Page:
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Black Rhinoceros (Diceros bicornis) Fact Sheet: Population & Conservation Status

Population Status

Total population size

  • 5,040-5,458 individuals (in 2015) (Emslie et al. 2016)
  • Most wild black rhinos are conserved in 4 states
    • South Africa, Namibia, Zimbabwe, and Kenya conserve 96% of remaining wild population


Populations by subspecies (population estimates from Emslie et al. 2016)

  • D. b. bicornis (southwestern)
    • About 2,200 individuals
    • 91% live in Namibia, 9% in South Africa
    • 1 individual sighted in Angola; locally extinct in Rwanda since 1999
  • D. b. michaeli (eastern)
    • About 890 individuals
    • 80% live in Kenya, 8% in South Africa, 12% in Tanzania
  • D. b. minor (south central)
    • About 2,160 individuals
    • 76% live in South Africa, 19% in Zimbabwe
    • Small numbers remain in Botswana, Tanzania, Swaziland, Zambia, Malawi, Mozambique
  • D. b. longipes (western)
    • Recently extinct


Historical population size

  • Most most numerous of all rhino species through much of 20th century
    • Hunting, land clearance, and poaching reduced to a few thousand
  • History of decline
    • 1800s-1900s: as many as 850,000; fairly continuous throughout much of sub-Saharan Africa
    • 1970: 65,000 in small, scattered, isolated populations
    • 1990: 3,800
    • 1995: 2,410 (low point) - 98% decline since 1960 due to large-scale poaching
    • 1999: 2, 700 - slight increase
    • 2001: 3,100 - slight increase
    • 2010: 4,880 (latest estimate) - steady increase over past 15 years

Conservation Status

IUCN Status

  • Diceros bicornis; Critically Endangered (2011 assessment) (Emslie  2012)
  • Some subspecies also assessed:​​​
    • Diceros bicornis ssp. michaeli; Critically Endangered  (2011 assessment) (Emslie 2011)​​
    • Diceros bicornis ssp. bicornis; Vulnerable (2011 assessment) (Emslie 2011)
    • Diceros bicornis ssp. longipes; Extinct (2011 assessment) (Emslie 2011)​

CITES

Conservation efforts

  • Populations in protected areas
    • Most rhinos now live in protected, managed game reserves
  • Needed efforts
    • Targeted research to examine seasonal diet
      • Imperative to understand the seasonal shift in diet when setting up protective reserves
    • Combat poaching
      • Many poached after wandering off a reserve looking for food during a drought
      • Assess the value of dehorning managed populations
        • The threat of poaching is still so prevalent, that some conservationists condone the practice, thus eliminating the temptation to poachers
    • Sustainable use (ecotourism, trophy hunting, horn harvesting, and trade in rhino products)
      • Management through sustainable use is controversial
  •  

Threats to Survival

Isolation of small populations

  • Unmanaged populations
    • Tend to be small and isolated
    • More vulnerable to disease, inbreeding, and local extinction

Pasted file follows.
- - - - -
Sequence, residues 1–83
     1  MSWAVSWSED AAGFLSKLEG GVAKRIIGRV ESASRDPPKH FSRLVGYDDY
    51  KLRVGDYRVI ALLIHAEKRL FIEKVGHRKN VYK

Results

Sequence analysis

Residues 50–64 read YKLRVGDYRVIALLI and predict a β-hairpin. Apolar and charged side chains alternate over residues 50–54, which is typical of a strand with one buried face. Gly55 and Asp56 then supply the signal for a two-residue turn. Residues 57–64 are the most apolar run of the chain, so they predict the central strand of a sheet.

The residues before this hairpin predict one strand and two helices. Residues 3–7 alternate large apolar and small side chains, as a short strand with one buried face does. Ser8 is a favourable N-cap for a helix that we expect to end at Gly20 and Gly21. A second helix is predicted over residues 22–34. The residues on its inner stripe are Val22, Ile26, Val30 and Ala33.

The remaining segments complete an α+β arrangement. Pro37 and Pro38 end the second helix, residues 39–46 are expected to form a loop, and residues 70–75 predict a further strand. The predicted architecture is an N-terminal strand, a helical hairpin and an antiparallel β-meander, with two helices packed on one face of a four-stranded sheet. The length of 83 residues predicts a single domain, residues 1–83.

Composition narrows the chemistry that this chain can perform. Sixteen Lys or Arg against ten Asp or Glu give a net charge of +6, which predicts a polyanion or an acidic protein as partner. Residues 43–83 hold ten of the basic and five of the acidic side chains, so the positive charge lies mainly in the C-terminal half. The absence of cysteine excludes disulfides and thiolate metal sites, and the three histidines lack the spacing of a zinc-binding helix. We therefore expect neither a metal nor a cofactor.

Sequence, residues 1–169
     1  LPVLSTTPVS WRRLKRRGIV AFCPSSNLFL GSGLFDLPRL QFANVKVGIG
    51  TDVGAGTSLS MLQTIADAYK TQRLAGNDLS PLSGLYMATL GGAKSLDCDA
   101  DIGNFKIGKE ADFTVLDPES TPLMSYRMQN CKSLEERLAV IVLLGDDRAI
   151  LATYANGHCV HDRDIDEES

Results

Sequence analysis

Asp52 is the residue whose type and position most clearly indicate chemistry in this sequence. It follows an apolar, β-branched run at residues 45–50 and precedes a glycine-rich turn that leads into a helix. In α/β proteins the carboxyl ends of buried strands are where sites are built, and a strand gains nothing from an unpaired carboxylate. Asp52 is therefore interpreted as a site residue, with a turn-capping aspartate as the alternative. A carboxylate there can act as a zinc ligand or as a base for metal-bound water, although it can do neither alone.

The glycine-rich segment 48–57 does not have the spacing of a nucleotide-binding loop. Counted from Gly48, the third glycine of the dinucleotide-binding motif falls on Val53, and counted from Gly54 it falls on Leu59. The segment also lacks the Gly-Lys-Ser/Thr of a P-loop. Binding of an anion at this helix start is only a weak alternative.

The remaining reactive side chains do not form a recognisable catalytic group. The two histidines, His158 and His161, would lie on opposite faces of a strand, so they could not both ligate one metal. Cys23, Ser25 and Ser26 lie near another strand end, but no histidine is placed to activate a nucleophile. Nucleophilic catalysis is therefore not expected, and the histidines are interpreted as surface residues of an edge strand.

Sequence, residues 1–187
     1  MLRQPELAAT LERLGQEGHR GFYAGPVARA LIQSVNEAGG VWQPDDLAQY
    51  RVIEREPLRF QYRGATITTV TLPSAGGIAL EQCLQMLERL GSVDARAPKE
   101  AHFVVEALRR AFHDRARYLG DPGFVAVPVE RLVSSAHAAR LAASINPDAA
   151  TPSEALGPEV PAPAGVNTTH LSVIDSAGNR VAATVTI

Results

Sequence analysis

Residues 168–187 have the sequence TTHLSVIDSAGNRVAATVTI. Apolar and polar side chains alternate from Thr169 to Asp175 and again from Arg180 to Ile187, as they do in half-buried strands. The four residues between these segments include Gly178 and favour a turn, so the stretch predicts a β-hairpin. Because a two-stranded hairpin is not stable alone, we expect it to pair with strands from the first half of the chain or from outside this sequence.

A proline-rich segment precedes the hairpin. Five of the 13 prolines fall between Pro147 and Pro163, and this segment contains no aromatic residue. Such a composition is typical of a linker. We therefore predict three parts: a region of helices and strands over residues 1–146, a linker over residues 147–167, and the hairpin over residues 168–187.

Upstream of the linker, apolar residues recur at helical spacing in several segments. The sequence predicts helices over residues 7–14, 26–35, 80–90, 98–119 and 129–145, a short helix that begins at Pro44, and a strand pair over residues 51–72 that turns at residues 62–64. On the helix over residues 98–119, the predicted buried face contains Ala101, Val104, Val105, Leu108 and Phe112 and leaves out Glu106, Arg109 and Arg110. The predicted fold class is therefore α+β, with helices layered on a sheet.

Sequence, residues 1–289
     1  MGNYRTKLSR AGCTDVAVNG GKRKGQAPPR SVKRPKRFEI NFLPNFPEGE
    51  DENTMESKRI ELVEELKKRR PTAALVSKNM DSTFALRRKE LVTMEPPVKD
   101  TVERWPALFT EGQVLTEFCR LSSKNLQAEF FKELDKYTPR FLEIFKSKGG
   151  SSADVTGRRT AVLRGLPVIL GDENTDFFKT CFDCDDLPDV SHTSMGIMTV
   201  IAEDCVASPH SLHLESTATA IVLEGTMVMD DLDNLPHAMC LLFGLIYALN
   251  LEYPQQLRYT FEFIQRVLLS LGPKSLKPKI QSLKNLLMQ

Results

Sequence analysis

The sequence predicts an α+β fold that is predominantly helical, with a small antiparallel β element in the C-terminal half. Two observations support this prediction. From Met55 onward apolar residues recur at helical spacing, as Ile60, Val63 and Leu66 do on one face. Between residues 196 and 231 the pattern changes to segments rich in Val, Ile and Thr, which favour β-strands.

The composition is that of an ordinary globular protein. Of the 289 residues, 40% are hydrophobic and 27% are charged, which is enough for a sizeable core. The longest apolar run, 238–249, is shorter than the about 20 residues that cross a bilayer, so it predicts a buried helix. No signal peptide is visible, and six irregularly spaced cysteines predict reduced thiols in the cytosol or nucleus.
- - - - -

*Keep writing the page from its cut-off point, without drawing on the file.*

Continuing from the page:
Poaching

  • Highly vulnerability to poachers
    • Poor eyesight enables poachers to easily target rhinos, as long as they are down wind
      • Prior to human encroachment, rhinos did not suffer from predation pressure and therefore, did not evolve behavior or sensory capability to avoid predators
      • In Recent times, rhinos have learned some avoidance tactics
    • Sedentary nature, and regular activity patterns also make it easier for poachers to find them
      • E.g. rhinos revisit resting and watering spots
  • Reasons for poaching
    • Valued for their horns
      • Medicinal uses (most common)
        • Purported to help fevers, headaches, toxins, typhoid, jaundice, rashes, vomiting or excreting blood, to keep evil away, etc.
        • An aphrodisiac: contrary to popular thought, rarely used this way;  mostly by the Gujaratis in India
          • Horns are essentially the same chemical structure as hair; composed of keratin
      • Carved cups and dagger handles
      • Asian ("fire") horns thought by some to be more potent than African ("water") horns resulting in more hunting pressure for Asian species.
    • Blood and skin
      • Purported to have medicinal effects
  • Poaching market, major consumers
    • All rhino products: mostly China and Taiwan, but also Burma, Thailand, and Nepal
    • Horns, medicinal uses: Japan and Korea
    • Horns, dagger handles: Yemen (carved dagger handle is status symbol)
    • Also a strong market in countries with immigrants from these places (e.g., the Chinese living in the US)
  • Problems enforcing conservation laws
    • Civil war and political instability
    • Poverty due to exponential population growth, hyperinflation, and corruption
    • Well armed poaching gangs
    • Competition for land (leading to habitat destruction) by increasing populace
  • Other comments on poaching
    • It is likely that any improvement in health is due to the placebo effect (because of strong traditional beliefs), rather than to any real curative properties. Few scientific studies have been done, and have conflicting results (see Leader-Williams 1992)
    • Earliest evidence of horn use for medical reasons: 2600 BC, China
    • It is still legal to sell rhino products in many countries, and in others, enforcement is often lax

Page Citations

Ashley et al. (1990)
Emslie (2002)
Emslie (2012)
Emslie & Brooks (1999)
Leader-Williams (1992)
Schenkel & Schenkel-Hulliger (1969)

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